I don’t have to imagine – I see similar reactions multiple times a day. Whether it’s a 65 percent or a 14 percent, it’s still an F, which signals to them “failure.” The difference between the two was summed up by Superintendent Hopson, who stated, “With a zero, it’s impossible to pass a course. It creates kids who don’t have hope, disciplinary issues; that creates a really bad scenario.”

I know that as years go by and a student’s proficiency gap increases, confidence decreases, too. With a lowered confidence comes a lower level of self-efficacy — the belief that they can do what they need to do to succeed. This, to me, is the argument for the grading floor.

In completing research for my master’s degree, I studied the correlation between reading comprehension scores and the use of a motivational curriculum. There was, as might have guessed, an increase in reading scores for students who received this additional curriculum.

So every day, I speak life into my students, who see Fs far too often in their daily lives. It is not my job as their teacher to eradicate their confidence, stifle their effort, and diminish their confidence by giving them “true” Fs.

“This is not an indication of your hard work, son. Yet, the reality is, we have to work harder,” I tell students. “We have to grind in order to make up what we’ve missed and I’m the best coach you have this year.”

In education, there are no absolutes, so I don’t propose implementing grading floors across the board. But I do understand their potential — not to make students appear more skilled than they are, or to make schools appear to be better than they are, but to keep students motivated enough to stay on track, even when it’s difficult.

If it is implemented, a grade floor must be coupled with data and other reports that provide parents, teachers, and other stakeholders with information that accurately highlights where a student is, both within the district and nationally. Parents shouldn’t see their child’s progress through rose-colored glasses, or be slapped by reality when options for their child are limited during and after high school.

But without hope, effort and attainment are impossible. If we can’t give hope to our kids, what are we here for?

I don’t have all the answers, but in the spirit of my father, don’t come with a problem unless you have a solution.

Marlena Little is a fifth-grade teacher in Memphis. A version of this piece first appeared on Memphis K-12, a blog for parents and students.

call out

Our readers had a lot to say in 2017. Make your voice heard in 2018.

PHOTO: Chris Hill/Whitney Achievement School
Teacher Carl Schneider walks children home in 2015 as part of the after-school walking program at Whitney Achievement Elementary School in Memphis. This photograph went viral and inspired a First Person reflection from Schneider in 2017.

Last year, some of our most popular pieces came from readers who told their stories in a series that we call First Person.

For instance, Carl Schneider wrote about the 2015 viral photograph that showed him walking his students home from school in a low-income neighborhood of Memphis. His perspective on what got lost in the shuffle continues to draw thousands of readers.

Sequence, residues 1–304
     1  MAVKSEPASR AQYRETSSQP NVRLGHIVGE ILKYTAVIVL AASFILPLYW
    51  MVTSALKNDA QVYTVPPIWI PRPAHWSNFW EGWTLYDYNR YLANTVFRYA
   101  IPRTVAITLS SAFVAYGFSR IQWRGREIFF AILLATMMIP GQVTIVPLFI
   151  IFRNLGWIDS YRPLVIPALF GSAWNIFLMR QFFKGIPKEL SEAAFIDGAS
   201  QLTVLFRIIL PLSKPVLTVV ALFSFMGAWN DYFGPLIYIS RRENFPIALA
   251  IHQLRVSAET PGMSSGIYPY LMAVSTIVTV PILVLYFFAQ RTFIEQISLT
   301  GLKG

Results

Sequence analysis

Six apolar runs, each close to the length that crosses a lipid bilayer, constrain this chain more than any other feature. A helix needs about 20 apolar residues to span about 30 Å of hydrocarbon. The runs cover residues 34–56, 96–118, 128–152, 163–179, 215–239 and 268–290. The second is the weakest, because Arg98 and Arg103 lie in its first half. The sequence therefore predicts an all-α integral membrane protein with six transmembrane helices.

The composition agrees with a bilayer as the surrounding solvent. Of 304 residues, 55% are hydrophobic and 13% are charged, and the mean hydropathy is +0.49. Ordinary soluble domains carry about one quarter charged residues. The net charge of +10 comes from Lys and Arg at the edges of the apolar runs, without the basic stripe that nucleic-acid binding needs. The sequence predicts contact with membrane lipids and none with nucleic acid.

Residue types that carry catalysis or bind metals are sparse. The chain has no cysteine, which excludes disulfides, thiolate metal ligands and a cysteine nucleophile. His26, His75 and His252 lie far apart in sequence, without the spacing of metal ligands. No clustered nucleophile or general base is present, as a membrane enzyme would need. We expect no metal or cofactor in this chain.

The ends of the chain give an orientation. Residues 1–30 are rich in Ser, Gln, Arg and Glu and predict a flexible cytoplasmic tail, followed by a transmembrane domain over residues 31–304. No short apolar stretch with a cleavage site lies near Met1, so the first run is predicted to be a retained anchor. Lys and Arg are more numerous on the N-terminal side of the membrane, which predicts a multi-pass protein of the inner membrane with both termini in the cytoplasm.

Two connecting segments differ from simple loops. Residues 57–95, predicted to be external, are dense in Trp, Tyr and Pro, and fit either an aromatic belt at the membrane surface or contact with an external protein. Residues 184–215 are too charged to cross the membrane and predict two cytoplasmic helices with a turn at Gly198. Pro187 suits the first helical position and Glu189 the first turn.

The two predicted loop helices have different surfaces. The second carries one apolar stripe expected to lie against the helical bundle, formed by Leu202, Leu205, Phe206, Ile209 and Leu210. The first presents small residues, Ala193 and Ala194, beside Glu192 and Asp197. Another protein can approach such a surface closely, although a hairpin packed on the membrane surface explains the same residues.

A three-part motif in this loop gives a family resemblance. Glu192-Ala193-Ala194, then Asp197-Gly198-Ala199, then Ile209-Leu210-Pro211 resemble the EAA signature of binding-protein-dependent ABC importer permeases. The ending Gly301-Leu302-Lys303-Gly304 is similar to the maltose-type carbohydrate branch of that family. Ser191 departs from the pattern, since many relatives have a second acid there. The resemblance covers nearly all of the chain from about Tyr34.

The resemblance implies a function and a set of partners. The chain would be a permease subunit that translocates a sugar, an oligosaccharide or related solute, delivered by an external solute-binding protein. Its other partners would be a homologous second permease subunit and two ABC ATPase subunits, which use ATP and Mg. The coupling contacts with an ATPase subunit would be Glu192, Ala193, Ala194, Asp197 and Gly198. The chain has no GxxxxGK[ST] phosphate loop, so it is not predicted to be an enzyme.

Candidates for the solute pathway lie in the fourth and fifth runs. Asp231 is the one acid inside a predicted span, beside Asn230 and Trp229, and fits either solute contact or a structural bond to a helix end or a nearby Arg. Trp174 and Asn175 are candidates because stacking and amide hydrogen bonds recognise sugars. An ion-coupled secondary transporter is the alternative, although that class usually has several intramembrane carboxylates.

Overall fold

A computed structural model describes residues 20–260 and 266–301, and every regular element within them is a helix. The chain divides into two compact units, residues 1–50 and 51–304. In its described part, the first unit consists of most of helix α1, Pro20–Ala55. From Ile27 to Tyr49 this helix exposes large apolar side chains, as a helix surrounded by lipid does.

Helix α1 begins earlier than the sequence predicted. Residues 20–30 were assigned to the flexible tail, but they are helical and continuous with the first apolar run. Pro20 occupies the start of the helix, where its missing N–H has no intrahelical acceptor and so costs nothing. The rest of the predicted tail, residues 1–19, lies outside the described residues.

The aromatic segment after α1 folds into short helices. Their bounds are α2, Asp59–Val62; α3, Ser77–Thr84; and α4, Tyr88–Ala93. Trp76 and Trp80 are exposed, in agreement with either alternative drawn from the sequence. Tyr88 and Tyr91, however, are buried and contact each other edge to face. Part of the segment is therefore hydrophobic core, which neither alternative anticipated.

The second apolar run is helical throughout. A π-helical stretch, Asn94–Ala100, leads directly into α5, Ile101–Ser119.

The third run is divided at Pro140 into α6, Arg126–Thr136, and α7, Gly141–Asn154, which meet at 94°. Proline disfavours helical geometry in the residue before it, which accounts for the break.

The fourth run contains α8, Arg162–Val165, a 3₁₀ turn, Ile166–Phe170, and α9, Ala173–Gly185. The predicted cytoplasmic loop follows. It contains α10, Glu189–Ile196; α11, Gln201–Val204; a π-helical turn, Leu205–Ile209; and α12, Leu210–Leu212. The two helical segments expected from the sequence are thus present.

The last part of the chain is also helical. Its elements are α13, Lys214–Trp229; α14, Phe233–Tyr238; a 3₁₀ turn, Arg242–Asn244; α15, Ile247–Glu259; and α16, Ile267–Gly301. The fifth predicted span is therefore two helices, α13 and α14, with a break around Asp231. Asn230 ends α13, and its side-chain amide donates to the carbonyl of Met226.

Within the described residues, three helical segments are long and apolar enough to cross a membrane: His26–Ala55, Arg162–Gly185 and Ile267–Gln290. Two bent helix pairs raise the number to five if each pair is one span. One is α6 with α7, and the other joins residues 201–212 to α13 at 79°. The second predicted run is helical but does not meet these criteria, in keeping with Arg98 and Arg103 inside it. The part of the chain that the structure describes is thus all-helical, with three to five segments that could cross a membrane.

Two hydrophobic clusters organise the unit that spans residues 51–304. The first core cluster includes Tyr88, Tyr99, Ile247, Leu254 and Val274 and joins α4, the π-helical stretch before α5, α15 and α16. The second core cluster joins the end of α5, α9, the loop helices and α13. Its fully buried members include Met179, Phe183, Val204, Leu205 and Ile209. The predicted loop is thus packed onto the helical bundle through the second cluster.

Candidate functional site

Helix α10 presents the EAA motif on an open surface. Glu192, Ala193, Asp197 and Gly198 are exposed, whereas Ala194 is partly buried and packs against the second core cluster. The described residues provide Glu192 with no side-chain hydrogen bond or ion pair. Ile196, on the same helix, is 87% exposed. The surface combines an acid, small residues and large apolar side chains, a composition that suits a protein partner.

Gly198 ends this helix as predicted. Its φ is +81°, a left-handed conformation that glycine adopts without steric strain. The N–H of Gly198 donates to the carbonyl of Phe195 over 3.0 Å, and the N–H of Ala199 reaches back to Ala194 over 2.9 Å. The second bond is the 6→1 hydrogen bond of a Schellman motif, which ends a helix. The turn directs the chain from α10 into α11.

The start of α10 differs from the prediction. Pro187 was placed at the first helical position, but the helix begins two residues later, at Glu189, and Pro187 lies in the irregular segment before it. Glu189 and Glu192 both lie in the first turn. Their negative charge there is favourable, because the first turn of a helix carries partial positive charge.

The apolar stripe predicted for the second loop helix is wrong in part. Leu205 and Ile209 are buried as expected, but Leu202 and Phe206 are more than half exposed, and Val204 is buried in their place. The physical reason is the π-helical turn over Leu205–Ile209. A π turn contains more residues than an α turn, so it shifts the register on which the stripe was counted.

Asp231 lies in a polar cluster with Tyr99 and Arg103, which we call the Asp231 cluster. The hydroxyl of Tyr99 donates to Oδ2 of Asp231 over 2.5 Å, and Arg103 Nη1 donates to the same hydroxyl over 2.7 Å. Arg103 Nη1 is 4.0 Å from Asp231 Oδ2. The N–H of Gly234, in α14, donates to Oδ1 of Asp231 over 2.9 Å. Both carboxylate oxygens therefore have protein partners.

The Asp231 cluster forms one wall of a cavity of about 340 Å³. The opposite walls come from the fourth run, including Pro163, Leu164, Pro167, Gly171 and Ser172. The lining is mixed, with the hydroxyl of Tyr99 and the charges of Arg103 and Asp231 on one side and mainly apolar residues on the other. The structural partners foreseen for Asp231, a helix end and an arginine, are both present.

First Person is also a platform to influence policy. Recent high school graduate Anisah Karim described the pressure she felt to apply to 100 colleges in the quest for millions of dollars in scholarships. Because of her piece, the school board in Memphis is reviewing the so-called “million-dollar scholar” culture at some high schools.

Do you have a story to tell or a point to make? In 2018, we want to give an even greater voice to students, parents, teachers, administrators, advocates and others who are trying to improve public education in Tennessee. We’re looking for essays of 500 to 750 words grounded in personal experience.

Whether your piece is finished or you just have an idea to discuss, drop a line to Community Editor Caroline Bauman at [email protected]org.

But first, check out these top First Person pieces from Tennesseans in 2017:

My high school told me to apply to 100 colleges — and I almost lost myself in the process

“A counselor never tried to determine what the absolute best school for me would be. I wasted a lot of time, money and resources trying to figure that out. And I almost lost myself in the process.” —Anisah Karim     

Why I’m not anxious about where my kids go to school — but do worry about the segregation that surrounds us

“In fact, it will be a good thing for my boys to learn alongside children who are different from them in many ways — that is one advantage they will have that I did not, attending parochial schools in a lily-white suburb.” —Mary Jo Cramb

I covered Tennessee’s ed beat for Chalkbeat. Here’s what I learned.

“Apathy is often cited as a major problem facing education. That’s not the case in Tennessee.” —Grace Tatter

I went viral for walking my students home from school in Memphis. Here’s what got lost in the shuffle.

“When #blacklivesmatter is a controversial statement; when our black male students have a one in three chance of facing jail time; when kids in Memphis raised in the bottom fifth of the socioeconomic bracket have a 2.6 percent chance of climbing to the top fifth — our walking students home does not fix that, either.” —Carl Schneider

I think traditional public schools are the backbone of democracy. My child attends a charter school. Let’s talk.

“It was a complicated choice to make. The dialogue around school choice in Nashville, though, doesn’t often include much nuance — or many voices of parents like me.” —Aidan Hoyal

I grew up near Charlottesville and got a misleading education about Civil War history. Students deserve better.

“In my classroom discussions, the impetus for the Civil War was resigned to a debate over the balance of power between federal and state governments. Slavery was taught as a footnote to the cause of the war.” —Laura Faith Kebede